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Fallacies in advertising are prevalent nowadays to gain commercial advantage to the target audience primarily because people do no’t bother giving attention to traditional ads whether it is on the radio, on television, or on the Internet. It’s a very powerful advertising tool that focuses on deceptive claims that makes us hear what we want to hear and see what we want to see. Take the Xenadrine EFX diet pill advertisement for example. The advertisement claims to help burn off fat by boosting metabolism, though they never cited a qualified scientific study to back it up.
The marketers of the product hired already physically fit actors and actresses to create an illusion that Xenadrine EFX helps in reducing body fat. The claim was later investigated by the Federal Trade Commission and was found guilty of falsifying claims and was therefore fined. Using fallacy in advertising helps attract viewers by leading them to believe in the effect of the product even if it’s effects are not proven.
It has its downsides as the example above explains, but it still is a very powerful tool that captures the target audiences effectively. Another form of fallacy that’s very popular nowadays is called ad hominem.
According to The Dictionary website, ad hominem is defined as “Appealing to one’s prejudices, emotions, or special interests rather than to one’s intellect or reason. ” (2006) Ad hominem is used more often because the nature of it is judging a person by what they do and who they are rather than hearing what he has to say and what he has to offer.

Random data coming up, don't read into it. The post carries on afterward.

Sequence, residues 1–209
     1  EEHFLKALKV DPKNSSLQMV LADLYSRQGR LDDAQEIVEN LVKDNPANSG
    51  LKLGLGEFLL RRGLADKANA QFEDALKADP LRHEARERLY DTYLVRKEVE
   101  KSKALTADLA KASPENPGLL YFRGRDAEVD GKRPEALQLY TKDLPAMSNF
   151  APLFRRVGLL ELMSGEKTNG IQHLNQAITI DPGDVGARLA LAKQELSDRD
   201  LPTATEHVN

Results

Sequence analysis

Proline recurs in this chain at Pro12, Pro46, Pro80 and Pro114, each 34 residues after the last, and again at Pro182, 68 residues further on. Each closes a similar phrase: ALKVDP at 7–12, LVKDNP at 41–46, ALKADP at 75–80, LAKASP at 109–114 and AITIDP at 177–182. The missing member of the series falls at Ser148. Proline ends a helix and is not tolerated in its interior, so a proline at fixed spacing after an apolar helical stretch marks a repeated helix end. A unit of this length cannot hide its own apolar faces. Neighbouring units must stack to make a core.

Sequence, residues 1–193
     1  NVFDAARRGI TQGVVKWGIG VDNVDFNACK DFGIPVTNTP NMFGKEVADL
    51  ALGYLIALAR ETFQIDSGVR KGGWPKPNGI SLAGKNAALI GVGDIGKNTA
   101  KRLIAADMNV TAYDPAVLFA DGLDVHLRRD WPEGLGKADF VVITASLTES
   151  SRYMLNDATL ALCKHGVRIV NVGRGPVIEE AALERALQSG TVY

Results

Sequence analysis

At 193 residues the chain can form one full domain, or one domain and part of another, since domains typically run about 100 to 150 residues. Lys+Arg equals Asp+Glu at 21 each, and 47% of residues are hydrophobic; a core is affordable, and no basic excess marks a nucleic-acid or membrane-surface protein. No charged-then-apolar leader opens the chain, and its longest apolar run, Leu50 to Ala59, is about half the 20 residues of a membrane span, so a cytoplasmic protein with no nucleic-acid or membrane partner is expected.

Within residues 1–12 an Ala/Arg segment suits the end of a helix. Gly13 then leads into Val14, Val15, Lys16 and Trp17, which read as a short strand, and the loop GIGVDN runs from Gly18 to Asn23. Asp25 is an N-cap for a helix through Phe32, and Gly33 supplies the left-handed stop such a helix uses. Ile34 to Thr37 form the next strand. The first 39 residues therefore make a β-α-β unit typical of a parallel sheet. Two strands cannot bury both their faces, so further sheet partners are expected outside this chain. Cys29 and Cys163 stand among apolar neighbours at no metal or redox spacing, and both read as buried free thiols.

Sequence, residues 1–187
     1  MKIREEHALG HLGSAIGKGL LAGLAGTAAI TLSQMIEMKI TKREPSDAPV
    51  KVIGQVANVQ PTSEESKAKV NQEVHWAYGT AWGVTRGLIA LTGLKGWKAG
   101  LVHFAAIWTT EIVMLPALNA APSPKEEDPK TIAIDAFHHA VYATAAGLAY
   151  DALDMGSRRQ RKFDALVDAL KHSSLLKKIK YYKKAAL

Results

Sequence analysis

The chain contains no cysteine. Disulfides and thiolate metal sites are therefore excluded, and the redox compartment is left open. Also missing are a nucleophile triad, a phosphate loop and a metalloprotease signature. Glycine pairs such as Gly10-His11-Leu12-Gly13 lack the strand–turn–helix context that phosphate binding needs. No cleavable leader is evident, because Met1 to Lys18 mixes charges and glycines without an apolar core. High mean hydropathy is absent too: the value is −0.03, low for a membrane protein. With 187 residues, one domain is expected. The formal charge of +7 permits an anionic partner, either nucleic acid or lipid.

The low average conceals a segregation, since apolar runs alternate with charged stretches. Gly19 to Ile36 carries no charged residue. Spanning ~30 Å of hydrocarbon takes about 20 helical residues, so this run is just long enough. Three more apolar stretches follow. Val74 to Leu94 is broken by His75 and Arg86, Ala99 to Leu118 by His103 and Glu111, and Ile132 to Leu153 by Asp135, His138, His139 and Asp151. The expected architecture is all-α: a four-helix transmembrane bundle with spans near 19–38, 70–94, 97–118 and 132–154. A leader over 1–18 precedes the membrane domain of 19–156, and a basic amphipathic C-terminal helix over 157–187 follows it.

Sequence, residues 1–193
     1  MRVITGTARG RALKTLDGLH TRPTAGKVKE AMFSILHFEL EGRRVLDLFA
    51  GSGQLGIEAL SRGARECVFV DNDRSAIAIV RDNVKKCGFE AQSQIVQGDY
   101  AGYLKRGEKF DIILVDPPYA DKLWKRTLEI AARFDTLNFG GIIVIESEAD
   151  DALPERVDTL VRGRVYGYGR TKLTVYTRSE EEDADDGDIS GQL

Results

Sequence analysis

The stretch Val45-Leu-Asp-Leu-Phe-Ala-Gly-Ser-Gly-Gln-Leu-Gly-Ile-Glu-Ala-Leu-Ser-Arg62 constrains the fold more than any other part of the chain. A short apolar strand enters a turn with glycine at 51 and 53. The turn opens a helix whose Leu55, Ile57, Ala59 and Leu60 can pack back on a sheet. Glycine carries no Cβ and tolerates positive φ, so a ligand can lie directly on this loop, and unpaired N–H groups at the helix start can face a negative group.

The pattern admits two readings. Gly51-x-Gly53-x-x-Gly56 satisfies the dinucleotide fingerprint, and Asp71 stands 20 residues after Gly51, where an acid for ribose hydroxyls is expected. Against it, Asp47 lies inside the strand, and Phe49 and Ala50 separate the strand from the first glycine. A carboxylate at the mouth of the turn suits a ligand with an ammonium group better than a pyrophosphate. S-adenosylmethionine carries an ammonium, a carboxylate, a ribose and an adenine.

In reality, people always use ad hominem always, especially they fight for what they think is right based on their own judgment. Most people are opinionated and full of pride that they tend to judge first based on their common knowledge.
Ad hominem is a type of fallacy that people are accustomed to. It’s basically the kind of fallacy that seems to be around for ages even before the word itself was invented. Generally, people subconsiously practice it everyday without even knowing it, therefore it’s easier for them to apply it in everything that they do. Reference (2006). Ad hominem. Retrieved February 26, 2008 from http://dictionary. reference. com/browse/ad%20hominem. (n. d. ). US weight-loss pill marketers fined for falls claims. Retrieved February 26, 2008 from http://www. contactomagazine. com/articles/weightloss0107. htm
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